Jul 19 2013
Man, it’s hot here in Pittsburgh! Yesterday the heat index was near 100 degrees.
We stay inside air conditioned buildings to avoid the heat but birds can’t do that. Instead they use both obvious and amazing techniques to stay cool.
Just as we do, birds avoid heat. They…
- Reduce activity by roosting during the hottest part of the day.
- Stay in the shade: At midday Pitt’s peregrines roost on the north face of the Cathedral of Learning where it’s always shady.
- Soar where the air is cool. (Wish I could do that.)
Birds actively lose heat. Dorothy used four of these techniques when she was overheated on Banding Day 2012 (pictured above). Birds…
- Hold their wings slightly open.
- Sleek their feathers to squeeze heat out of their downy undercoat. That’s why Dorothy looks so thin here.
- Expose the skin on their legs, wattles, etc. to lose water through their skin. Dorothy moved the feathers away from her legs so we can see her bands.
- Gular fluttering: Seabirds and nightjars can vibrate the muscles and bones in their throats to increase heat loss. You’ve probably seen gulls doing this.
- Bathe: We go for a swim, birds take a bath. Vultures and storks don’t even have to find water. They defecate on their legs to cool them off.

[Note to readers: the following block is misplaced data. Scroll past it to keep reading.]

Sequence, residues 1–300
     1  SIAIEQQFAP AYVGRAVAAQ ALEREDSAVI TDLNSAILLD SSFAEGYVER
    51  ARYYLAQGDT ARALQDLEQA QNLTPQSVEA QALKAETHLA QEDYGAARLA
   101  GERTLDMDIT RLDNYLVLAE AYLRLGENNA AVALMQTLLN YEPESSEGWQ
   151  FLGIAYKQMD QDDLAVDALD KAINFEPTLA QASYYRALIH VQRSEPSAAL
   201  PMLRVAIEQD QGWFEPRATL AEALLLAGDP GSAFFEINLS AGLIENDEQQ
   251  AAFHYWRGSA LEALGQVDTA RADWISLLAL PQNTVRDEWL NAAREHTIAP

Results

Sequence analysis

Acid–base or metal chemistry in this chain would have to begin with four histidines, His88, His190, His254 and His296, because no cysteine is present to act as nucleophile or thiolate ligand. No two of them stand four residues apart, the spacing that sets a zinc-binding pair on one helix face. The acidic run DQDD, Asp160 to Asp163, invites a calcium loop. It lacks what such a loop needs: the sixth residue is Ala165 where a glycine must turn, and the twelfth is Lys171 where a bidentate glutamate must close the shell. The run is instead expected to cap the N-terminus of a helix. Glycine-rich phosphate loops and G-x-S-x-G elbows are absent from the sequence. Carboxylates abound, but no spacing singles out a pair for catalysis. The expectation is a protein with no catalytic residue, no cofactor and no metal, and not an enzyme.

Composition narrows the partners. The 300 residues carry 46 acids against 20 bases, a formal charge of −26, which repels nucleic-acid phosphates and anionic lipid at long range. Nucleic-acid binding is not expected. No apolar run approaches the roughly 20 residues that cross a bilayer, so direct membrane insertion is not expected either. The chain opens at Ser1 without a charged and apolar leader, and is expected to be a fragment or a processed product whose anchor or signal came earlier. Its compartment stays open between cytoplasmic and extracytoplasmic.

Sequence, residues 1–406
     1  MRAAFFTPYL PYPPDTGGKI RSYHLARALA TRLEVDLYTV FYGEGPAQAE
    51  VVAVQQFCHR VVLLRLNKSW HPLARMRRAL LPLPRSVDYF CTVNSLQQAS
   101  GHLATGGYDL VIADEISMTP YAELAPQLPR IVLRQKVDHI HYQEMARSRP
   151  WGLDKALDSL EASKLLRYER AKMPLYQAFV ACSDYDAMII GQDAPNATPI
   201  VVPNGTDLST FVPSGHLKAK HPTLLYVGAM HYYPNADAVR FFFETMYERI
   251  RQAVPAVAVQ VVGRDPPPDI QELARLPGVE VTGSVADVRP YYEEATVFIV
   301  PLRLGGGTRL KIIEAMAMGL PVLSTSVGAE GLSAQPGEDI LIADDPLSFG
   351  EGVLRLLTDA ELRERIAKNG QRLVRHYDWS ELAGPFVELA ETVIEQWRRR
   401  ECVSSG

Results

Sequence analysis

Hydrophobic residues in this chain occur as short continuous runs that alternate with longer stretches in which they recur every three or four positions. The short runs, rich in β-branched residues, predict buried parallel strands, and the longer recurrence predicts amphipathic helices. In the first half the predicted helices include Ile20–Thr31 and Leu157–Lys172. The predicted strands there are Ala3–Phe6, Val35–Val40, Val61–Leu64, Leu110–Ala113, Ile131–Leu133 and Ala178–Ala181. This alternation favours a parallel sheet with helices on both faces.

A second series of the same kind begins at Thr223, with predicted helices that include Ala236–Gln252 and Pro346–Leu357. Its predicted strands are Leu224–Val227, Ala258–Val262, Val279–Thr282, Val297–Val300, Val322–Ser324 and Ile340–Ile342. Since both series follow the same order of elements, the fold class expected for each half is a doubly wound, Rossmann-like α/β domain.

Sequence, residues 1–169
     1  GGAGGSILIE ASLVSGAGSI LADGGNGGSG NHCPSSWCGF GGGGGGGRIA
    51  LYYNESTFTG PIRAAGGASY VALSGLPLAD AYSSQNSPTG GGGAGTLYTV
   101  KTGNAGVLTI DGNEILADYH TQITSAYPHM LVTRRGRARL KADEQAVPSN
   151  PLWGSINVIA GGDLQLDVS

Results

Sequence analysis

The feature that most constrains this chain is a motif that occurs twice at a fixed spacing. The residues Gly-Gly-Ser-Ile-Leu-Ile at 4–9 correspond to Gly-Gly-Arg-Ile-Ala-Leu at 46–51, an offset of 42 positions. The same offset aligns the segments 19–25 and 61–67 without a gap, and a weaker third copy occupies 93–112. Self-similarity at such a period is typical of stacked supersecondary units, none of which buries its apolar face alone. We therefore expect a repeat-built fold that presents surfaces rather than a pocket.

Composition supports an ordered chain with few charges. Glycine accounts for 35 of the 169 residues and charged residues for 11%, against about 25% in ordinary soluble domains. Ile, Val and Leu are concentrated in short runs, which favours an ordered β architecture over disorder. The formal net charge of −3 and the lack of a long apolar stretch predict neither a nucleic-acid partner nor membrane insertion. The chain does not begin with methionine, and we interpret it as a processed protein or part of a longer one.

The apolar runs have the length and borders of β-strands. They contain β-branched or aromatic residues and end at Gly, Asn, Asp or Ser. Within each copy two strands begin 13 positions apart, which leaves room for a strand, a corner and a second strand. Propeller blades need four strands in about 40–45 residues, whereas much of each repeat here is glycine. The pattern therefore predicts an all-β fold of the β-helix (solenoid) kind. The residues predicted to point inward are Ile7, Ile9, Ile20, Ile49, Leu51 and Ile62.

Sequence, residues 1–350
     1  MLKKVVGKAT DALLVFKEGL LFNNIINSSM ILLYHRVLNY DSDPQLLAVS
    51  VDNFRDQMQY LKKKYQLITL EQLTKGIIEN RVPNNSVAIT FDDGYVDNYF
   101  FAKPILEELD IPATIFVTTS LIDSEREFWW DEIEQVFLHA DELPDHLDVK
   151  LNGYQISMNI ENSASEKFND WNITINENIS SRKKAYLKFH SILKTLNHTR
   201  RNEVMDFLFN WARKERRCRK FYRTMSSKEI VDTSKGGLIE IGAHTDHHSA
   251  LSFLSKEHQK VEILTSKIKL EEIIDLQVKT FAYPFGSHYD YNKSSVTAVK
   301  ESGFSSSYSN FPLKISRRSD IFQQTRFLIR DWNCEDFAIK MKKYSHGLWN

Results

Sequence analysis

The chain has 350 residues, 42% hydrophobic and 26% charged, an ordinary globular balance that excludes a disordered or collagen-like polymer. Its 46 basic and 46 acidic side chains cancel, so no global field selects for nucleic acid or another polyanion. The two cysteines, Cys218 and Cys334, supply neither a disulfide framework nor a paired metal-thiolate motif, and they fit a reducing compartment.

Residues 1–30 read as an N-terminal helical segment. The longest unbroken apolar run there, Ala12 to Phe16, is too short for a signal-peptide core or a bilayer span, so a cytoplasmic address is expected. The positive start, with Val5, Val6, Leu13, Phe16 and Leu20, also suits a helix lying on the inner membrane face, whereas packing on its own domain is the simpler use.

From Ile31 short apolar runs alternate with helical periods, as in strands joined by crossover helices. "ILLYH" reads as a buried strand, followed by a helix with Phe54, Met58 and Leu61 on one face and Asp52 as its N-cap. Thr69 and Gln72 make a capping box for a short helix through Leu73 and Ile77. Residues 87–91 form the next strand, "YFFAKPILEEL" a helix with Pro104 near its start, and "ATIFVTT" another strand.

- Turn on fans: I’m not kidding. Scientists trained pigeons in 1975 to turn on fans when they were hot and thirsty.
And finally, some birds actually raise their body temperature. This is amazing! If your body temperature is warmer than the air you lose heat. Hyperthermia can lead to heat exhaustion or death but some desert birds can raise their body temperatures in a controlled fashion to keep themselves cool. Ostriches raise their body temperatures 4.2o C (7.5o F) every day. This saves water because they don’t lose any to cool off.
The weather forecast says today is the last of the unbearable heat before thunderstorms usher in a cold front. I sure hope so!
In the meantime don’t be surprised to see birds with their mouths open. They pant even when they fly.
(photo by Donna Memon. Today’s Tenth Page is inspired by page 160 of Ornithology by Frank B. Gill.)